Summary: Okiku, read: the girl from the well, has spent her afterlife seeking revenge for all the children of the world who were wronged in life, gaining the vengeance for others that she could not gain for herself. Until a strange tattooed boy named Tarquin arrives and changes everything. A conduit for the horrifying monsters that Okiku sends to their death on a regular basis, Tarquin and Okiku must team up with help from an unlikely source to take on a new threat together: the devious woman in black.

While it may read like The Grudge (a terrifying ghost seeks revenge) meets The Ring (a terrifying ghost who died in a well seeks revenge)  The Girl From the Well is actually based on the Japanese ghost story “Banchō Sarayashiki” which is sort of The Grudge meets The Ring.

The folktale version follows the beautiful servant Okiku, who spurns the advances of her samurai employer Aoyama Tessan. Unable to handle being turned down, he does the next logical thing and convinces her she lost one of ten of his family’s very important plates. Fearful of her own death (because sexual harassment suits and unemployment were not yet a thing), Okiku counts the plates but only comes up with nine. Wanting to assuage her guilt, Okiku confesses to Aoyama that there are only nine plates. Aoyama says he will overlook her “transgression” if she becomes his lover, but when she again refuses he throws her down a well and she transforms into an Onryō, a vengeful spirit.

Leaving me to wonder, when will men learn that you cannot murder a woman by throwing her down a well if you want to ensure that she won’t come back to haunt you from beyond the grave?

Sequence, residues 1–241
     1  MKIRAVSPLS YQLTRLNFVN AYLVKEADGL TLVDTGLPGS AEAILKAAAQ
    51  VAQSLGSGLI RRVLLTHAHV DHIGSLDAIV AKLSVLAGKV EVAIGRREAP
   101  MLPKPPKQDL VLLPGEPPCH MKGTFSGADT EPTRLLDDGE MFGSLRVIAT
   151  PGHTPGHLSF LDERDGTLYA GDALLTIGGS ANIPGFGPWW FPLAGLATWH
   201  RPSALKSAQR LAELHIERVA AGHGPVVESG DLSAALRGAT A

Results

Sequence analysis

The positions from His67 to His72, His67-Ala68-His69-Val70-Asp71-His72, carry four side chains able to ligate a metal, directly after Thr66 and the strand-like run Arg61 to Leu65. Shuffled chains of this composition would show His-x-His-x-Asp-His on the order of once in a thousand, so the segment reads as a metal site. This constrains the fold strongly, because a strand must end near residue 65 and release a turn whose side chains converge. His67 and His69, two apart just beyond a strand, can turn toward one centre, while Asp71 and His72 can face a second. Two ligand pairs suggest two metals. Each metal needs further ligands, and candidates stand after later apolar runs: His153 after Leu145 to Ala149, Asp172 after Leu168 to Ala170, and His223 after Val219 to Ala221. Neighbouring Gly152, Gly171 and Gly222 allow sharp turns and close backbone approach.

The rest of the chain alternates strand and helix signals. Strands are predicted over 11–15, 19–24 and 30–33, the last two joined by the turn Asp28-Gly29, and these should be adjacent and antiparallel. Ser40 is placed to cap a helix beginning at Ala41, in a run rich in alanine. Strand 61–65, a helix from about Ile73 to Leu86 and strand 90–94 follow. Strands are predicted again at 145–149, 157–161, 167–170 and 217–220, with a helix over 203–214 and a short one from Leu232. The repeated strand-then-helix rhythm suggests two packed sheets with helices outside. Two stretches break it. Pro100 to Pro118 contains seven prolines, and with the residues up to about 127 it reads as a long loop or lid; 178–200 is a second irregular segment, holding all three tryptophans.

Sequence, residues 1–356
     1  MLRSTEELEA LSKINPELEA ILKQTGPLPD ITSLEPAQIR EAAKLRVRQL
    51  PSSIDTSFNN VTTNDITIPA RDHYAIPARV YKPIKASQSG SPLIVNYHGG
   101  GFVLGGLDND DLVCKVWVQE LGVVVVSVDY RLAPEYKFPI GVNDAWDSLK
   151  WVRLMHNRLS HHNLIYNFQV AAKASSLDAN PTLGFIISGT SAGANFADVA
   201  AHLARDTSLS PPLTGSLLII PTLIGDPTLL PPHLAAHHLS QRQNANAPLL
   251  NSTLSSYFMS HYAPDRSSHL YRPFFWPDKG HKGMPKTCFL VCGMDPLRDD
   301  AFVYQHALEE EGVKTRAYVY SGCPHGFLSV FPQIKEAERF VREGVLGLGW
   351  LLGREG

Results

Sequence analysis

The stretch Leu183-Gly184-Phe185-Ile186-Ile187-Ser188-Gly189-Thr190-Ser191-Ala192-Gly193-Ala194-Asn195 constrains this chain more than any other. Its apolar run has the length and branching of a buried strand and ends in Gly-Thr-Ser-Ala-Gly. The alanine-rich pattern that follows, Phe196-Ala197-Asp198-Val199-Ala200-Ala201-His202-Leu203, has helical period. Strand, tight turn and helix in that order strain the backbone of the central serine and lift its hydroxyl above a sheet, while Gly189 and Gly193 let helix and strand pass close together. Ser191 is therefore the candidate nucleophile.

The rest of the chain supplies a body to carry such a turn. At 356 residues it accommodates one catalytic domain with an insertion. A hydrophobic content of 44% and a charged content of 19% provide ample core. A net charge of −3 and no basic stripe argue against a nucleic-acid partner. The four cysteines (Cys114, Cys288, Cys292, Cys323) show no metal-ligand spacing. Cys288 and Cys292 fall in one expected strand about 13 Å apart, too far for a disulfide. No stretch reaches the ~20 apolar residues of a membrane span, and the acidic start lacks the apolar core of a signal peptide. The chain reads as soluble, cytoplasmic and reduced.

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Hot Off the Proverbial Presses: September 9, 2014

9 Sep

The Iron TrialThe Iron Trial: Book One of Magisterium by Holly Black and Cassandra Clare

From NEW YORK TIMES bestselling authors Holly Black and Cassandra Clare comes a riveting new series that defies what you think you know about the world of magic.

Most kids would do anything to pass the Iron Trial.

Not Callum Hunt. He wants to fail.

All his life, Call has been warned by his father to stay away from magic. If he succeeds at the Iron Trial and is admitted into the Magisterium, he is sure it can only mean bad things for him.

So he tries his best to do his worst – and fails at failing.

Now the Magisterium awaits him. It’s a place that’s both sensational and sinister, with dark ties to his past and a twisty path to his future.

The Iron Trial is just the beginning, for the biggest test is still to come . . .

From the remarkable imaginations of bestselling authors Holly Black and Cassandra Clare comes a heart-stopping, mind-blowing, pulse-pounding plunge into the magical unknown.

WHY WE’RE EXCITED: To sum things up: fantasy mavens Holly Black and Cassandra Clare have teamed up to write a book about children who go to magic school. We’re down!